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I thought I would share an argument I have now had with quite a few people. In it I say it would have been possible to frame the MPs’ expenses saga to make its impact more manageable. Just about everyone I have spoken to disagrees, maintaining that the expenses claims were so intrinsically awful they were bound to be lead to this seemingly endless crisis.

I have said in past posts how I would have advised framing the issue. Something like this:

‘The vast majority of MPs are hard working and public spirited. Most MPs have seen their workload, especially in their constituencies, increase greatly over recent decades – for example, MPs today get four or five times as much correspondence as twenty years ago. Today’s MPs – many more of them women - also take their family responsibilities more seriously which makes living in two places harder to do

‘ But nearly all of us in Westminster have been responsible for allowing a rotten system to develop to deal with the gap between what MPs think they deserve and need to do the job today and what the public and media are willing to tolerate. For that the public deserves an apology from us all. The system has to change and we have to have an honest and open conversation about how we can recruit and retain good quality politicians while recognising politics is something people do to make the world a better place not to become rich.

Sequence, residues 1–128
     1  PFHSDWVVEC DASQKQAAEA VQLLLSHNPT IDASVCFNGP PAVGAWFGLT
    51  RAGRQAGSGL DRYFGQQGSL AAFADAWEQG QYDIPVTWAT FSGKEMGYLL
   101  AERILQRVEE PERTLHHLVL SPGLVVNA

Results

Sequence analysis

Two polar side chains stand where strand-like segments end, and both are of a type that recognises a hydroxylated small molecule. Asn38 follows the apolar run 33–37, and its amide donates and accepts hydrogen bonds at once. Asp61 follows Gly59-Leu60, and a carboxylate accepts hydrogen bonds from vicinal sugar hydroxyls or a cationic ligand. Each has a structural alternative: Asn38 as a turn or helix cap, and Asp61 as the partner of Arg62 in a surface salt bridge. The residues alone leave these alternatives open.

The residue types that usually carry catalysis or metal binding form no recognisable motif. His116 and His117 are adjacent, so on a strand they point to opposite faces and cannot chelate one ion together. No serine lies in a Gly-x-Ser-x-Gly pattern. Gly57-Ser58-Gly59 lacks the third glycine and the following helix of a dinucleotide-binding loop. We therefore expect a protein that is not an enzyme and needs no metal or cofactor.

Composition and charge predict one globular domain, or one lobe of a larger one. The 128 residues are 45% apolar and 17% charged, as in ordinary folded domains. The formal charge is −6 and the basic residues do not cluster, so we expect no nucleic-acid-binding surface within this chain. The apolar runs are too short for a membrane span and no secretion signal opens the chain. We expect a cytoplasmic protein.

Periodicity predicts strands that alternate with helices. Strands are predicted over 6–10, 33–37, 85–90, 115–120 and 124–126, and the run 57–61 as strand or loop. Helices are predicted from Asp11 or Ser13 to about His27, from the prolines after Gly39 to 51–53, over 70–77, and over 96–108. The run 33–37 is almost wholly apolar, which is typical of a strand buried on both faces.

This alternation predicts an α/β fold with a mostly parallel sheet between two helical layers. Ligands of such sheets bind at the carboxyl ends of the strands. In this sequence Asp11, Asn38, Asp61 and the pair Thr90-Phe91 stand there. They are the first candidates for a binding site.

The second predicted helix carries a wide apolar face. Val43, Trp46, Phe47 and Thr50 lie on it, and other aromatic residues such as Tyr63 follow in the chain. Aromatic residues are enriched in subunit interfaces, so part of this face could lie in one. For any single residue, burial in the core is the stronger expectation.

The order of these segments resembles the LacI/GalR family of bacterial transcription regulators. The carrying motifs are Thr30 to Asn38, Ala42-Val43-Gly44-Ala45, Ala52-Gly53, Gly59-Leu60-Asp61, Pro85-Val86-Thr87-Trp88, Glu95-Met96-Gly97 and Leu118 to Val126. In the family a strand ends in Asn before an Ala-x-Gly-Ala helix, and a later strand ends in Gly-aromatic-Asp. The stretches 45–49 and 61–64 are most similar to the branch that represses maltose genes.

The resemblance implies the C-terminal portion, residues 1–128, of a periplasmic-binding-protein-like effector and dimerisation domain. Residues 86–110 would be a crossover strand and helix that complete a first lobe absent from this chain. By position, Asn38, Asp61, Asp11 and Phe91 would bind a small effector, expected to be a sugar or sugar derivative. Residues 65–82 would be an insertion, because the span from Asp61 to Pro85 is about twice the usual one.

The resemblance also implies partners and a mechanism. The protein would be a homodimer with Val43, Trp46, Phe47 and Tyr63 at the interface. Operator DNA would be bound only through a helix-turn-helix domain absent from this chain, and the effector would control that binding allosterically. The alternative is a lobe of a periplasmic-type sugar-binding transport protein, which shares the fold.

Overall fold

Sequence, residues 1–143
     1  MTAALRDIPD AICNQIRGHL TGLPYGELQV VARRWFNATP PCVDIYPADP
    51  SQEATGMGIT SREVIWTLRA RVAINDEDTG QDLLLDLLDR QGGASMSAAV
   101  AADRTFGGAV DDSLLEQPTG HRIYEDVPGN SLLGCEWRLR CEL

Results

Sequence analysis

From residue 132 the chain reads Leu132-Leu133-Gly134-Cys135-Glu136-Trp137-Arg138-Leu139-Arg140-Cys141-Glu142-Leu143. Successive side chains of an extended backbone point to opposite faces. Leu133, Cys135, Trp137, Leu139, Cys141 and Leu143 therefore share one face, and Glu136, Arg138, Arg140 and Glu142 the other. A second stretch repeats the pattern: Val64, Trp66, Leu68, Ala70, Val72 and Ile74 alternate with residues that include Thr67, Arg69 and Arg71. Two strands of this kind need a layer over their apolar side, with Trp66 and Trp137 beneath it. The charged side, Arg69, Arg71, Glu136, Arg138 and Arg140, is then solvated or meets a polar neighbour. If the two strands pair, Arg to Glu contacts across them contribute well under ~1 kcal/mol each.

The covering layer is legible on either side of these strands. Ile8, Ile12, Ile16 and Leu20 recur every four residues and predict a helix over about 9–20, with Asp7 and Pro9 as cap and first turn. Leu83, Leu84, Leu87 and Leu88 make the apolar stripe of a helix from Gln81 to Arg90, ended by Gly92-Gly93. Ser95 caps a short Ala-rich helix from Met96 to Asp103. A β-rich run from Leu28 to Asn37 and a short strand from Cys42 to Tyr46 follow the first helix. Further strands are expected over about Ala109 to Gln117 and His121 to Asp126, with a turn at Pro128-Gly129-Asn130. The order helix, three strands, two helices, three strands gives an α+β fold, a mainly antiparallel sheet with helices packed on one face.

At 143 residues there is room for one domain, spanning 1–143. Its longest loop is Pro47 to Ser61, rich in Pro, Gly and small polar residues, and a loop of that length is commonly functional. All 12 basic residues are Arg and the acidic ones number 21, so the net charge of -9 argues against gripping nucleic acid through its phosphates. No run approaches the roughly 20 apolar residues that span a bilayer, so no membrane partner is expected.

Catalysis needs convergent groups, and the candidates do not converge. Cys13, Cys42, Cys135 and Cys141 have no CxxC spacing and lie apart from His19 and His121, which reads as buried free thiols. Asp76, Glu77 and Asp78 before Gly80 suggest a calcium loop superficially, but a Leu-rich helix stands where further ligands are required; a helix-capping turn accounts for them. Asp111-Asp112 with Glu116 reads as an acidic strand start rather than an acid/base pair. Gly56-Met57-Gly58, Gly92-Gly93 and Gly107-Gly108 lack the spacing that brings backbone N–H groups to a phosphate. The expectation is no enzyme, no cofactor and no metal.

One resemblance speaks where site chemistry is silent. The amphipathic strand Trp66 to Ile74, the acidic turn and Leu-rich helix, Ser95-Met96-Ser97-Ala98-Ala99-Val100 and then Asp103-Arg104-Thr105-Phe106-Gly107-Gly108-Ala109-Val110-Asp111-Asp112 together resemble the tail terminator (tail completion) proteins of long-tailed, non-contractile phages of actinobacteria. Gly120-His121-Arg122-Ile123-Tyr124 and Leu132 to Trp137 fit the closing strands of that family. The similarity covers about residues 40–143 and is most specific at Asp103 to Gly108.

‘ If any MP has broken the law they will be subject to that law. But it is pointless getting into an argument about whether a duck pond is more or less immoral than a plasma screen TV, whether those who take every penny of their entitlement are better or worse than those who claimed less but for items that seem silly or self indulgent, whether we can ever know the motives of those who may have had reasons for changing the designation of their house but also gained from so doing. Every MP will have to accept the judgement on their actions of their local parties and local constituents – that is democracy’

As I predicted, the Brown and Cameron tactic of selectively dumping on those colleagues whom the Telegraph or the public deem to be the worst offenders may work in the short term but it quickly runs into problems. Whoever Brown reshuffles at the weekend, he is certain to come under the attack that he has used the saga to get rid of dispensable ministers but has turned a blind eye to the misdemeanours of his allies. The apparent intention of Number Ten to brief that the forthcoming election results are ‘a defeat for democracy not for the Labour Party’ will be seen for the opportunism it is.

This is a mess. It has many twists to come and the political leaders are now victims to the next round of revelations (or more precisely the way the Telegraph and the broadcast media choose to spin the next set of revelations). I believe it could have been handled better and diffused more quickly but perhaps, in this, I am alone.


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